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Beginning in the middle 1980s, several research laboratories walked through the door.Robyn Fivush and her colleagues (Fivush, Gray, & Fromhoff, 1987) published one of the first reports of autobiographical recall by children only 2½ years of age.
Indeed, it is the apparently "off the charts" rate of forgetting that makes the phenomenon so mysterious.
But what, precisely, is the "expected" rate of forgetting?
The children provided verbal descriptions of unique events experienced 6 or more months in the past.
Several other reports followed, each indicating that within the period eventually obscured by childhood amnesia, children had remarkably rich autobiographies (for reviews, see Bauer, in press-b; Nelson & Fivush, 2004).
(Lewis Carroll, Through the Looking Glass and What Alice Found There, 1872, emphasis in original)In his brief dialogue between the King and the Queen-two of the chess-piece sovereigns of Looking-glass House-Lewis Carroll captured the complementary sides of the memory coin.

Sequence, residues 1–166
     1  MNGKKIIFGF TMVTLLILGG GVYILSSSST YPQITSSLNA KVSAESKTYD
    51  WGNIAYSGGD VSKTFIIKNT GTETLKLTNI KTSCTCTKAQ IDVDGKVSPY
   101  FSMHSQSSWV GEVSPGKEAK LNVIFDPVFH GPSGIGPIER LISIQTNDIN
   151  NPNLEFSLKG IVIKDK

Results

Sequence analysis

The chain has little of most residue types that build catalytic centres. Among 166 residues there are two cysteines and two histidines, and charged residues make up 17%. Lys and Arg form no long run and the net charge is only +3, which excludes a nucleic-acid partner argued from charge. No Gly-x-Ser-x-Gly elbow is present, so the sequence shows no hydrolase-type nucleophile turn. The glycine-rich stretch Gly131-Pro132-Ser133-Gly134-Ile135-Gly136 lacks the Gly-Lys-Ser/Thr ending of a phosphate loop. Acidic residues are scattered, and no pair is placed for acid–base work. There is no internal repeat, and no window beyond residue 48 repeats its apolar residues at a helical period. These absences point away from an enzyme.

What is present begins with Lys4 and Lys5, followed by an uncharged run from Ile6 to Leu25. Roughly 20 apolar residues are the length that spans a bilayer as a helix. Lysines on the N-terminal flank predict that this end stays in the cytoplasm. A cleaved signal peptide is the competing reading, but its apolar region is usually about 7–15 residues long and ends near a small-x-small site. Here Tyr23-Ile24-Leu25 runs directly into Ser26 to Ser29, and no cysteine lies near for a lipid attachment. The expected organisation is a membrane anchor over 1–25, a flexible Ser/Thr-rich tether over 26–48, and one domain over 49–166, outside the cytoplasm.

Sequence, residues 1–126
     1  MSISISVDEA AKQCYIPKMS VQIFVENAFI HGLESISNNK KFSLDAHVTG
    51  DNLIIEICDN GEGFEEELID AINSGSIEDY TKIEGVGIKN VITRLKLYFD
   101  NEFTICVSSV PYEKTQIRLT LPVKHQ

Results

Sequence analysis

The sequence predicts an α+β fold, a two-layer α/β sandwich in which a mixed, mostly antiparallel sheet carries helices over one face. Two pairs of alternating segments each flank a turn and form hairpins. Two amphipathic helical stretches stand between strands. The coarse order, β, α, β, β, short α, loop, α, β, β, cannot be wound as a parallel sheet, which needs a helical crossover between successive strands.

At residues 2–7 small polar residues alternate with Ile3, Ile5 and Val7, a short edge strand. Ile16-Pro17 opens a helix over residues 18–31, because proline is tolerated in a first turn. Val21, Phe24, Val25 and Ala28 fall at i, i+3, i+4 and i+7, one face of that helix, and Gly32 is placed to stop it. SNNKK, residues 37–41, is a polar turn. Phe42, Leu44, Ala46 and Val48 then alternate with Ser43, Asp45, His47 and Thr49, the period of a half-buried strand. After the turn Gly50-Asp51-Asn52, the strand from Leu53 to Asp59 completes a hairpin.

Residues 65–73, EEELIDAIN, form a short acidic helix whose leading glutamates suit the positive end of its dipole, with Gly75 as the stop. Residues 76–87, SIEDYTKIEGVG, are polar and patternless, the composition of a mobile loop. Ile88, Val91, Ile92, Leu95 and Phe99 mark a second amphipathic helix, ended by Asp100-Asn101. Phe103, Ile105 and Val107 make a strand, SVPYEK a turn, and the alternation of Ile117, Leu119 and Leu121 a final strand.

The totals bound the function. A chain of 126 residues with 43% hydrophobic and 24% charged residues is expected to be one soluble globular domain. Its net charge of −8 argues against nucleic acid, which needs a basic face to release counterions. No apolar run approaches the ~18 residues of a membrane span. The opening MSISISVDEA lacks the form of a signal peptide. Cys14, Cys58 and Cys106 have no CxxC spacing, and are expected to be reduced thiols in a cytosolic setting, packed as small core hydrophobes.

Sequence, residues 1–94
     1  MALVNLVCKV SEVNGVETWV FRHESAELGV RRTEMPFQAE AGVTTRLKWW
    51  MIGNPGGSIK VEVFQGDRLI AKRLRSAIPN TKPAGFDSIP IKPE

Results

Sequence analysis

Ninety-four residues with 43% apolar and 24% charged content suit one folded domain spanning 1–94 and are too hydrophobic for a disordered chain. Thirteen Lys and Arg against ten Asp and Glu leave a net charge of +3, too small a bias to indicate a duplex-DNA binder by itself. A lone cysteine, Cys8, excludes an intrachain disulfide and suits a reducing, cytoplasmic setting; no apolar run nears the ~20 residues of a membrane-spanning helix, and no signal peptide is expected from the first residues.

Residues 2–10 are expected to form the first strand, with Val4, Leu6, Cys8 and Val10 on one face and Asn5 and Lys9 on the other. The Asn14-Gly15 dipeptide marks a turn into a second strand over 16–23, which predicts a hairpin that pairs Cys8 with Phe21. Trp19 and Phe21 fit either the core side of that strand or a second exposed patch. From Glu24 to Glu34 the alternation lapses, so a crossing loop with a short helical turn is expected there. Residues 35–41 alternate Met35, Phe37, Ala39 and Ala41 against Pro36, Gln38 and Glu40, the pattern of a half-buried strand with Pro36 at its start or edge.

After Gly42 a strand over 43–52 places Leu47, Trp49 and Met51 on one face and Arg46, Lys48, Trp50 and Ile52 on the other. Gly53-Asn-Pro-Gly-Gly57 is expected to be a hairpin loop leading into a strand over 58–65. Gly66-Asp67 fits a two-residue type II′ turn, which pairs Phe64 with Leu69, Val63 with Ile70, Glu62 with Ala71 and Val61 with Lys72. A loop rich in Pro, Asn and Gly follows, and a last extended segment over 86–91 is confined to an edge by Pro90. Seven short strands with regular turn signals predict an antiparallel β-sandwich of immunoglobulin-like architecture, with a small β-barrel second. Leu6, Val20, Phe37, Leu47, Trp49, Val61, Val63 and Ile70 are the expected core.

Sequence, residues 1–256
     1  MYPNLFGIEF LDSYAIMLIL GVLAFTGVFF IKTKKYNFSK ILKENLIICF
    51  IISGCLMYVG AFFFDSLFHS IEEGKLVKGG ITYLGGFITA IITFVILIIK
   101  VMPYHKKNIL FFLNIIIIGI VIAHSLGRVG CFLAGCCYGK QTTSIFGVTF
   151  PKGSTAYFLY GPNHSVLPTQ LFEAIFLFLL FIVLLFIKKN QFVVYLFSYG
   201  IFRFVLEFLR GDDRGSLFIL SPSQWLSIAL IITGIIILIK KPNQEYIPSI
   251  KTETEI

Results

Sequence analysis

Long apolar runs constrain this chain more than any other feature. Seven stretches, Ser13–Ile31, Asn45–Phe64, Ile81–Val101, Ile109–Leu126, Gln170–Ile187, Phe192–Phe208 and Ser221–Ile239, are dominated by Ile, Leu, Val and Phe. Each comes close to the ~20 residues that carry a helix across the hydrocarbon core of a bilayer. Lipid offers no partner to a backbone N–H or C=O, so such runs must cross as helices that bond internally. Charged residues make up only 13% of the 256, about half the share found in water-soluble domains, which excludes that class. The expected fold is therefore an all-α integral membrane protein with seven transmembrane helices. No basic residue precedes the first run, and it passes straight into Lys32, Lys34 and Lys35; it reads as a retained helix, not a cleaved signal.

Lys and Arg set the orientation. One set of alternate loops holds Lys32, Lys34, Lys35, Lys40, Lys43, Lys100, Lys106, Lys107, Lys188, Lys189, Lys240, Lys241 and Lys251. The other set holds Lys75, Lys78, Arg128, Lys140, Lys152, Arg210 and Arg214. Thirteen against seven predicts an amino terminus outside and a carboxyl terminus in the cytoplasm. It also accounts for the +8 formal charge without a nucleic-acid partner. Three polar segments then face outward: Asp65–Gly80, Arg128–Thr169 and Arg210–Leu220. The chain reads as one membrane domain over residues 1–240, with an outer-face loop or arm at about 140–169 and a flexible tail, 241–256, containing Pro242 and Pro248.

The King, having experienced a "horrifying" event (being set upon a table by Alice, a relative giant whom the King could neither see nor hear) expresses absolute faith in remembering.When preschoolers were tested with materials that were inherently structured and meaningful-such as well formed stories (e.g., Mandler & Johnson, 1977) and familiar, "scripted" events (e.g., what happens at a fast food restaurant: e.g., Nelson, 1978)-their memories were well organized and accurate, albeit not as detailed as those of older children and adults.Observations of preschoolers' abilities to recall stories and report on scripted events opened the door for inquiries into their abilities to recall the stuff of which autobiographical memories are made, namely, unique events from the personal past.Not only were preschoolers found to remember but, using imitation-based tasks, researchers revealed mnemonic competence in children even before they could talk (Bauer, 2004).In imitation-based tasks, children watch an adult use props to produce an action or sequence of actions that children then are invited to imitate.The answer likely lies in the complement of remembering, namely, forgetting.Forgetting is in fact a critical component of the definition of childhood amnesia: a smaller number of memories from before the age of 7 years than would be expected based on forgetting alone.The reasons for the lack of attention to children's memories were both theoretical and empirical.The dominant model-Piagetian theory-suggested that it was not until children were of school age that they formed coherent memories of past events. When children were tested with standard laboratory materials (e.g., lists of unrelated words), they performed poorly.A number of theories as to the source of childhood amnesia have been advanced.Perhaps most infamously, Freud (1916/1966) attributed "the remarkable amnesia of childhood" to repression of inappropriate or disturbing content of early, often traumatic (due to their sexual nature) experiences.